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Planting a wood


 
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missdevon
Rank attained: Hazel Tree
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Joined: 12 May 2009
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PostPosted: Thu Oct 01, 2009 9:23 pm    Post subject: Planting a wood Reply with quote

Hello,
I would like to plant a wood of native trees this Autumn, half an acre or so, and I'm looking for advice about which varieties to plant beside each other.

I intend to plant ash, hazel and willow mainly because they are the most common around here but I'd like to include some alder, birch, aspen, yew and bushes too.

Any advice would be appreciated. Smile
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Belfast
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Joined: 23 Apr 2009
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Location: CSA

PostPosted: Thu Oct 01, 2009 10:43 pm    Post subject: Reply with quote

what kind of soil you got?
is it well drained or very wet?
how high above sea leave is the land?
What is the aspect?
what part of the country?

Native Irish Trees --- List of Trees Native to Ireland
http://www.gardenplansireland.com/forum/about69.html
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missdevon
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PostPosted: Fri Oct 02, 2009 2:42 pm    Post subject: Reply with quote

Of course I should have included those details Smile

It's about 275ft above sea level, the soil is quite heavy and dense. It's well-drained. The view (if that's what you mean by aspect) is farmland and bog. I'm in East Galway.
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medieval knievel
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PostPosted: Fri Oct 02, 2009 8:06 pm    Post subject: Reply with quote

by aspect he probably means which direction the land slopes.
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Garlicbreath
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PostPosted: Fri Oct 02, 2009 8:26 pm    Post subject: Reply with quote

and what direction it faces, eg. south facing slope. I'm sure your trees will appreciate the view regardless Very Happy Very Happy
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missdevon
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PostPosted: Sun Oct 04, 2009 8:53 pm    Post subject: Reply with quote

Embarassed Sorry I wasn't sure... There's a couple of rows of mature ash and beech already there and I was going to plant them to the South of that row. It's fairly flat land and is open to south, west and east more or less. Hope this helps Smile
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Belfast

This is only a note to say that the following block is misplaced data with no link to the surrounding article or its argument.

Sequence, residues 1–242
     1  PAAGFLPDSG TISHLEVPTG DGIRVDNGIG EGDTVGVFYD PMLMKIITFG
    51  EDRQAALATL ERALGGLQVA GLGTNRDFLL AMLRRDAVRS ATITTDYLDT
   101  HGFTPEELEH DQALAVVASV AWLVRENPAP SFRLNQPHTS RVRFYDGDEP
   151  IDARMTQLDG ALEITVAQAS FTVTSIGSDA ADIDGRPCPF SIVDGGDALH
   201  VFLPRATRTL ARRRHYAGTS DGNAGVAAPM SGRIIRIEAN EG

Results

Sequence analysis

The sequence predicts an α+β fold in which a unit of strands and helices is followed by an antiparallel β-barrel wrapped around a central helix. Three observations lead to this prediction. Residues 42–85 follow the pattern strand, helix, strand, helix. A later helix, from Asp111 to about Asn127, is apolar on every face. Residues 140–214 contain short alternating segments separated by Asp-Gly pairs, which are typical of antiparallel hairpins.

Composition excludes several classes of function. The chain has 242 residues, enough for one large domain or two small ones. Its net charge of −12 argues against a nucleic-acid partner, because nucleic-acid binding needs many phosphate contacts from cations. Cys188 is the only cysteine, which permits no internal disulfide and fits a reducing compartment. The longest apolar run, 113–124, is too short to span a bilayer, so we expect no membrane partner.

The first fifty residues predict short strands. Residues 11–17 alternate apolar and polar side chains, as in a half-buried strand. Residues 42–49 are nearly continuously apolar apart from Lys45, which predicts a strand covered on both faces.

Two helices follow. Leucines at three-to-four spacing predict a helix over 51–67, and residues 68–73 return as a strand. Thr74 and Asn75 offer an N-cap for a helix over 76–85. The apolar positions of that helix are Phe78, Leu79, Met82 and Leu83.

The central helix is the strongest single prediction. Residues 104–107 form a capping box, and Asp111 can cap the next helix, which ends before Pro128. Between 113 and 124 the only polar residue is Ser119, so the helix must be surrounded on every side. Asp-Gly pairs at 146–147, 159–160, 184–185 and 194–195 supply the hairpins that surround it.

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PostPosted: Wed Oct 14, 2009 8:47 pm    Post subject: aspect in horticulture Reply with quote

"The importance of light
Put bluntly, plants die without sunlight. Sunlight is the 'engine' that powers growth - a process called photosynthesis.

In the wild (which is where most garden plants come from) light levels vary. Being cunning little chaps, different plants evolved to thrive in different levels of light. Clearly the amount of light your garden gets will have a big impact on what plants grow well.
Garden aspect
©
Aspect
The overall amount of light received depends on aspect, the direction your garden faces. Use a compass.

* North-facing gardens get the least light and can be damp
* South-facing gardens get the most light
* East-facing gardens get morning light
* West-facing gardens get afternoon and evening light"

http://www.bbc.co.uk/gardening/htbg/module1/light1.shtml

what is the plan to use the wood for ?

fire wood
Shelter
Decorative
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medieval knievel
Rank attained: Chlorophyll for blood


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PostPosted: Wed Oct 14, 2009 9:04 pm    Post subject: Reply with quote

alder tends to prefer riverbanks, so your soil may be too well drained for it.
if you're intending to crop for firewood, birch and willow would be good fast growing species. hazel is generally an understorey plant, so i assume would do well under brich, which doesn't cast shade as deep as a lot of other trees.
rowan would be another option.
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Guelder
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PostPosted: Thu Oct 15, 2009 11:03 am    Post subject: Reply with quote

missdevon wrote:
Of course I should have included those details Smile

It's about 275ft above sea level, the soil is quite heavy and dense. It's well-drained. The view (if that's what you mean by aspect) is farmland and bog. I'm in East Galway.


I'm a bit confused by your description of the soils. Generally by their nature, bogs aren't well drained, and well drained soil doesn't tend to be heavy and dense? But it is true that you have both well drained and boggy land in East Galway, so it is important to identify which you have in the half acre you are planting. The existing vegetation will probably tell you all you need to know.

Assuming it is well drained, if you're between Loughrea and Portumna you are very lucky. You should be able to grow a lot of the bigger species like Beech, Oaks etc...

Much of the rest of east Galway has thin soils that favour ashes, hazels, birches and the local Whitebeam etc...

My recommendation is to look at what big trees grow locally and take your cue from that. You can then mix in a few more 'exotic' natives and non-natives.

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